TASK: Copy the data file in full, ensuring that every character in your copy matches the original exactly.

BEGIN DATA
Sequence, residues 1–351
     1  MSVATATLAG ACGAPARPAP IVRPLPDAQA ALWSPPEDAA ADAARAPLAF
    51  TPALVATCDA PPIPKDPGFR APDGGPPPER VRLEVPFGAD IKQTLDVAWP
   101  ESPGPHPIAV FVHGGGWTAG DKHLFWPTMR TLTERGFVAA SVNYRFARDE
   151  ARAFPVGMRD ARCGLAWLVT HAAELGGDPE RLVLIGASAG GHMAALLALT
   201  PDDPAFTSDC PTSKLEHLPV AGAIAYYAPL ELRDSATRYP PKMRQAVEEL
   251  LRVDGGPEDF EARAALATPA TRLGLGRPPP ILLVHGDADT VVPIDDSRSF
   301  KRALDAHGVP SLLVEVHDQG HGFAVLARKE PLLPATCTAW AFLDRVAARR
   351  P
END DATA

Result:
Sequence, residues 1–351
     1  MSVATATLAG ACGAPARPAP IVRPLPDAQA ALWSPPEDAA ADAARAPLAF
    51  TPALVATCDA PPIPKDPGFR APDGGPPPER VRLEVPFGAD IKQTLDVAWP
   101  ESPGPHPIAV FVHGGGWTAG DKHLFWPTMR TLTERGFVAA SVNYRFARDE
   151  ARAFPVGMRD ARCGLAWLVT HAAELGGDPE RLVLIGASAG GHMAALLALT
   201  PDDPAFTSDC PTSKLEHLPV AGAIAYYAPL ELRDSATRYP PKMRQAVEEL
   251  LRVDGGPEDF EARAALATPA TRLGLGRPPP ILLVHGDADT VVPIDDSRSF
   301  KRALDAHGVP SLLVEVHDQG HGFAVLARKE PLLPATCTAW AFLDRVAARR
   351  P